ANDOVER — Rudy Hall was reading at a level several grades higher than his public elementary school classmates but struggling to adjust socially. By the second grade, his parents made the difficult decision to send him to a private school.
Looking back on the years after her eldest child was diagnosed with Asperger's syndrome, state Rep. Barbara L'Italien, D-Andover, called Rudy a "trailblazer."
"I don't think of myself that way," said Hall, who's now 20 and has his sights set on attending community college this summer. "There's been others."
Hall is right. He was one of thousands of children in the state born in the 1990s and diagnosed with an autism spectrum disorder. Today, L'Italien said such disorders affect one in every 100 children born in Massachusetts and one in every 70 boys.
Now in her fourth term as the 18th District's representative, L'Italien has become a leading voice on Beacon Hill on issues related to disabilities and special education.
L'Italien celebrated a personal victory June 7. She and about 50 others gathered at the Statehouse for a ceremony in recognition a new law on autism that she helped pass.
The law calls for a 27-member commission to study autism spectrum disorders and the state services in place to assist individuals of all ages living with them.
L'Italien said the goal of the commission will be to work with parents and advocates to enhance services.
"This is all about sitting down and putting our heads together," said L'Italien. "I think better coordination and better training can make the difference ... and over the long-run can save the state money."
This is not the first time steps have been taken in Massachusetts to study autism spectrum disorders. In the summer of 2002, a provision was inserted into the state budget to form a commission charged with looking into Asperger's syndrome and high-functioning autism.
But L'Italien said former Gov. Mitt Romney never seated the commission. L'Italien filed a new bill in January 2009. It was signed into law by Gov. Deval Patrick in April.
"Barbara has just been a tremendous advocate," said Dania Jekel, executive director of the Asperger's Association of New England. "This wouldn't have gotten as far if she wasn't in the Statehouse. That's for sure."
L'Italien helped form the Asperger's Association of New England before she was elected in 2002. Since then, with the spike in autism diagnoses in the last two decades gaining widespread publicity, Jekel said she feels the timing is now right for the study.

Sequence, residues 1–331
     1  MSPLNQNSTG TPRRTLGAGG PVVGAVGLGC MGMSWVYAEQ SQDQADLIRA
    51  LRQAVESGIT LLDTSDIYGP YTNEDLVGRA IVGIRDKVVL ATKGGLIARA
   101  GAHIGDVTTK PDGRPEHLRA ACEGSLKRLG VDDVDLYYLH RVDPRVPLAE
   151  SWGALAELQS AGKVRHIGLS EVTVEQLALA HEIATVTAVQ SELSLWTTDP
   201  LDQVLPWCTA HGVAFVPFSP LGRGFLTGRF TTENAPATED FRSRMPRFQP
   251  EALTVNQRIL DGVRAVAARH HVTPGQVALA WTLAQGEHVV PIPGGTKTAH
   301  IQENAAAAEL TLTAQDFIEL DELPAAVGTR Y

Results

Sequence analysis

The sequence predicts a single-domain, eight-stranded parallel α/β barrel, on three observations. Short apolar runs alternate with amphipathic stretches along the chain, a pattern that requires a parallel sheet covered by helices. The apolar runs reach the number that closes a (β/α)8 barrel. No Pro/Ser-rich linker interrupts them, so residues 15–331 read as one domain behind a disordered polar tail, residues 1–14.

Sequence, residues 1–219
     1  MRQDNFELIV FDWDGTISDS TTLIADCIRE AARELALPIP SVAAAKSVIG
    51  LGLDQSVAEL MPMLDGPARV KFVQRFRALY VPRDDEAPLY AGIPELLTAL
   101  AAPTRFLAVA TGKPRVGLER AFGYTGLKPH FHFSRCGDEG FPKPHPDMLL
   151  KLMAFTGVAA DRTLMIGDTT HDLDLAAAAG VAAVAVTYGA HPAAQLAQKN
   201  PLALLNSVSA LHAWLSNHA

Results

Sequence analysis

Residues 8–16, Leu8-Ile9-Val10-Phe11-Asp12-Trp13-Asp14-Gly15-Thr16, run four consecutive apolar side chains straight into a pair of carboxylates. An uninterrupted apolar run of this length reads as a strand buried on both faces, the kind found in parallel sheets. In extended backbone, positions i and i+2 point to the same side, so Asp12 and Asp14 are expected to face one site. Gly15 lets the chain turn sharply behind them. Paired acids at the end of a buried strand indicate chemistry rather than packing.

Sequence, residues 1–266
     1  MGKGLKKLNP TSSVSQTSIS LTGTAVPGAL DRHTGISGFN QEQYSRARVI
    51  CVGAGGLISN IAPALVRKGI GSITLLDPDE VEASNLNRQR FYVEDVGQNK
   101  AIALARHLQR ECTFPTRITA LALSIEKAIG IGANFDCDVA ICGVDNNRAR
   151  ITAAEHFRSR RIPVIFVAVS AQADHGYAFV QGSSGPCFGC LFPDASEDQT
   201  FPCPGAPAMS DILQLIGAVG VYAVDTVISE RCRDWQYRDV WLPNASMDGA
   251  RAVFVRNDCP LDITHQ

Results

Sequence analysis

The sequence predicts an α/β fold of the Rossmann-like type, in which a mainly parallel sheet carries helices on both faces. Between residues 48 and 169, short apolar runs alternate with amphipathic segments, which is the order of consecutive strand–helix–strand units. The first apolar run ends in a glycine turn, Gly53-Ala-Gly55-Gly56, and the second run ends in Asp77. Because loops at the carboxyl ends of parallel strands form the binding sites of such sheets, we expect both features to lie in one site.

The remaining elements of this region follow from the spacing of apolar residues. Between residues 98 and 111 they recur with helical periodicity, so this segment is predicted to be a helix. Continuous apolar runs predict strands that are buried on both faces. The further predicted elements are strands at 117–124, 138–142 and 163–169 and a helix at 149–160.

"There's much greater awareness," said Jekel. "I'm more hopeful that we'll have some movement."
L'Italien said she is "swamped" with requests from people who want to participate in the study. She expects commission members will be named over the summer.
Members will be appointed by the governor, Senate president and House speaker, and by the heads of 11 state departments and agencies, including the Executive Office of Health and Human Services, Department of Mental Health, and the Department of Elementary and Secondary Education.
L'Italien said some state services might be enhanced simply through better communication.
"The agencies really don't talk to each other," said L'Italien. "Some of this is about efficiency and working together."
The law has no funding associated with it. But part of the commission's job will be to ensure the state receives as much federal money as possible.
L'Italien said other improvements might not cost money or will even save the state money.
The commission must report its findings to the Legislature in January.
L'Italien said she envisions the commission dividing into subgroups, with each one focusing on an age group or segment of the autism spectrum.
Just like the severity of their disorders, services for individuals on the spectrum vary greatly from employment and independent living training programs to intensive and specialized daily care.
"We need to look at the whole lifespan and address the different needs," said L'Italien.
L'Italien represents parts of Andover, Boxford, Georgetown, Haverhill, Methuen and North Andover. It is expected that she will run against either Republicans John Thorlin or James Lyons Jr. in November's state election.
A mother of four, L'Italien credits her deep understanding of the autism spectrum to her experiences raising Rudy with her husband, Kevin Hall.
"It's certainly not the only thing I do," said L'Italien, who serves as the vice chairwoman of the House Ways and Means Committee. "I think because of my personal circumstances, people see me as an expert on these issues. They really listen to me, I guess."
For that, Rudy, calls his mother a difference maker.
"It makes me happy," said Rudy. "It makes me very proud that she brings her knowledge from experience not only from me, but the other people she's met on the spectrum."